May 17, 2010 3:00 am

Buoyant US funds set out on trail of foreign acquisitions

A year ago, asset managers were mired in gloom. The markets were at all-time lows and revenues were plummeting.

It could not be more different now. Asset managers are riding high on renewed investor confidence with rallying markets lifting first-quarter revenues and profits to record levels.

But where renewed buoyancy has spurred US fund managers such as Legg Mason to turn acquisitive eyes overseas to less mature markets, Europe's fund managers are more cautious about the cost of deals.

Aberdeen Asset Management, headquartered in Scotland, has doubled funds in a year to $171bn largely through acquisitions. But it has shelved plans for further purchases, including in the US, as the price of targets has risen.

Martin Gilbert, chief executive, last week said he would focus instead on expanding distribution of existing funds.

In an ideal world, acquisitions are the fastest way to grow, says Kevin Pakenham, managing director at Jeffries International. But success is finely balanced on price and whether acquirers tie in revenue-generating staff.

M&A in the industry is littered with expensive failures of integration, notes Michael Dobson, Schroders' chief executive.

But that is not deterring US predators. Their home market may be the world's biggest single savings market but it is comparatively expensive and dominated by businesses such as Fidelity, Invesco and Vanguard selling funds in high volumes at low fees.

Ron Dewhurst, international head at Legg Mason, says the US "has peaked in terms of its share of global equity markets. Being a predominantly US-focused business, our view is that the rate of growth is going to be greater outside the US than within it".

A third of the company's $685bn assets are currently outside the US. In 10 years, Bank of New York Mellon's assets outside the US have risen from $300m to $400bn - about half of its total funds under management. Jonathan Little, BNY Mellon's acting co-head of asset management, says: "We continue to look at expanding. The prospects outside the US are exciting."

BNY Mellon is more focused on Asia. But other US groups are keen to exploit opportunities thrown up in Europe by converging trends towards a single market amid regulatory pressure for greater disclosure on advice and fees.

Banks are struggling to create cultures attractive to individuals skilled in turning in high returns and are focusing more on distributing funds, says Denis Bastin, principal at consultants Bastin Advisory.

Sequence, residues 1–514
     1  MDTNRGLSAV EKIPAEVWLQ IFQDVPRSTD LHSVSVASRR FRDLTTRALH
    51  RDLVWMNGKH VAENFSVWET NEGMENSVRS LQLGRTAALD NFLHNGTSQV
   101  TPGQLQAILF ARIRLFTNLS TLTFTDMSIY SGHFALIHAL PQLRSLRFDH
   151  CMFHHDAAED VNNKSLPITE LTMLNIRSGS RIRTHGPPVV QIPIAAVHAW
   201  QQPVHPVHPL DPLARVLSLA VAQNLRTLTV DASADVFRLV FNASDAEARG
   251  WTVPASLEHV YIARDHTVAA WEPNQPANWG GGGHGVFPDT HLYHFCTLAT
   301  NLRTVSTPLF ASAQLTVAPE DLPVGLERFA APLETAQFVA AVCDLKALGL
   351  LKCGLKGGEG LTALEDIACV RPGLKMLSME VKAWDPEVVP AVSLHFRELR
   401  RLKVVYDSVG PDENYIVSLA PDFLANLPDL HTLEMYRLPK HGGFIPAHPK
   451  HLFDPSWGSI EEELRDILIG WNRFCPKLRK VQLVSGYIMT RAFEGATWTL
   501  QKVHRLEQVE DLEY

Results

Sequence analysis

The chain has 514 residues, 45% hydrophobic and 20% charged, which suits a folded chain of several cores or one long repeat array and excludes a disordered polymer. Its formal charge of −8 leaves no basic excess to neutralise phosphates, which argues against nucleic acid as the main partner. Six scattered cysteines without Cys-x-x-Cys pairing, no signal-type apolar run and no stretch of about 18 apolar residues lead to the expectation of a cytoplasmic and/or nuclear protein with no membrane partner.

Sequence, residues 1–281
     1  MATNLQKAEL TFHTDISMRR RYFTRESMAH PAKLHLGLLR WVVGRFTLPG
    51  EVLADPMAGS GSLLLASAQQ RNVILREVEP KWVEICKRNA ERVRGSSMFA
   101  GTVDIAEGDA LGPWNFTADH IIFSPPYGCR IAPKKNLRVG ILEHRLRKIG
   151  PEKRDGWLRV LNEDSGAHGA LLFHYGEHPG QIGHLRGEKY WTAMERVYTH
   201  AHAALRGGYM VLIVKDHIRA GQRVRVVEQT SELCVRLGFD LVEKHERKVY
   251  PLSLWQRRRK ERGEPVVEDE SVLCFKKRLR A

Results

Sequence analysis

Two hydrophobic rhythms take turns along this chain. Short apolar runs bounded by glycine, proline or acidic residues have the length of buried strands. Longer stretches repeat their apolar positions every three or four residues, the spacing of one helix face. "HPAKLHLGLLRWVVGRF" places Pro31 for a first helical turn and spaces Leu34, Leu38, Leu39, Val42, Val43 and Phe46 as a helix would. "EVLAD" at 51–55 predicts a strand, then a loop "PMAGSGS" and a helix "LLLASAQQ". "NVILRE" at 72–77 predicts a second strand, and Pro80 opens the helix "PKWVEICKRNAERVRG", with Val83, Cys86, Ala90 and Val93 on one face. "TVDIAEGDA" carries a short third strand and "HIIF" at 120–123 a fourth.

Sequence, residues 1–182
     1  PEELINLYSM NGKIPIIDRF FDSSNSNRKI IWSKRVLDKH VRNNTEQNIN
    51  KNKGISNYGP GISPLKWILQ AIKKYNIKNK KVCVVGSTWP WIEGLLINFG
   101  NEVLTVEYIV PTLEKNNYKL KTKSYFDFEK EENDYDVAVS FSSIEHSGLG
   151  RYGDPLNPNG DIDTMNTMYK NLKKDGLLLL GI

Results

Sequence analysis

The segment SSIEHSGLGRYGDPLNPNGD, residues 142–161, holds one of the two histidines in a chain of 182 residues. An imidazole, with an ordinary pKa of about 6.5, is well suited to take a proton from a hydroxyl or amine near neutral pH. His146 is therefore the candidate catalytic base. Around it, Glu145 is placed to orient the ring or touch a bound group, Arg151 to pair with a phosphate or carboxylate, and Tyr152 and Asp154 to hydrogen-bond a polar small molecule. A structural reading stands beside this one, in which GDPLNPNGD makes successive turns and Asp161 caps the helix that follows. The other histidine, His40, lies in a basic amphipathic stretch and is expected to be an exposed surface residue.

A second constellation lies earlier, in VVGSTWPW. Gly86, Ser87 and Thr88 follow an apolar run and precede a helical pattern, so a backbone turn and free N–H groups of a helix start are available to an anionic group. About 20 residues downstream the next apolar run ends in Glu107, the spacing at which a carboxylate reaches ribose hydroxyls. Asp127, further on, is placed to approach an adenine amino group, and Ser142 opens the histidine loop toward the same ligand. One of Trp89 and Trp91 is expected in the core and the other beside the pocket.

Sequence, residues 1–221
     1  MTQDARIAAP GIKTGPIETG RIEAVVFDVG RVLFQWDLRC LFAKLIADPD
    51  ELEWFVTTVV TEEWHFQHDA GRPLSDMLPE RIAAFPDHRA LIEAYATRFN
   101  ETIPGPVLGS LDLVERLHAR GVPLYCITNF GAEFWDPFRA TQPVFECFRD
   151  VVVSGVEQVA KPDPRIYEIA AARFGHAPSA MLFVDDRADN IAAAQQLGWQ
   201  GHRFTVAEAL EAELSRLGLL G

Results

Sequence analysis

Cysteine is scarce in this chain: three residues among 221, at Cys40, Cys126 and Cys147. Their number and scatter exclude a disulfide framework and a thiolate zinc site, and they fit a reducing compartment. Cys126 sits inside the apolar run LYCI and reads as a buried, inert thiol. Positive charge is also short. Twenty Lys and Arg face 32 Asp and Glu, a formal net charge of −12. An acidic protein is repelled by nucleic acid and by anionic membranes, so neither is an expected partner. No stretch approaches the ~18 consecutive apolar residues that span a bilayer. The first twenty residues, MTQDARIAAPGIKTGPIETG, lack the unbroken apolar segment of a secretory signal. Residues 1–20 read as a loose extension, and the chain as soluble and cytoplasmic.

In the wake of the financial crisis, several banks that historically dominated fund distribution in Europe are also being forced to look at disposals in return for state aid.

Many will struggle to find buyers. UniCredit, the Italian bank, said this week it was exploring "all strategic options" for Pioneer, its asset management arm, but added that a disposal was not an option in the current market.

But would-be buyers, including private equity groups such as Advent International, are emerging from the US. Some are bent on consolidation, following in the footsteps of BlackRock that last year bought Barclays Global Investors and became the world's biggest manager with more than $3,000bn in funds.

Consolidators aim to build global brands by buying low-cost businesses where individual managers' skills are less important than systems. But success rests on buying assets cheaply, cutting costs and expanding margins.

Other buyers are less sensitive to price. So-called "multi-boutiques", such as BNY Mellon and Affiliated Managers Group, offer autonomy and revenue shares to managers charging premiums for performance. These multi-boutiques have been steadily picking off rivals in recent years.

AMG, managing more than $230bn, last year bought majority stakes in Artemis, the retail manager with about £10bn ($14.5bn) in funds, and in Pantheon Ventures, the UK-based private-equity fund of funds.

In spite of rising prices, more deals are on the way, say advisers. As Mr Dewhurst notes: "High-quality asset management businesses tend to transact in good markets. You pay a good price for a good quality business."

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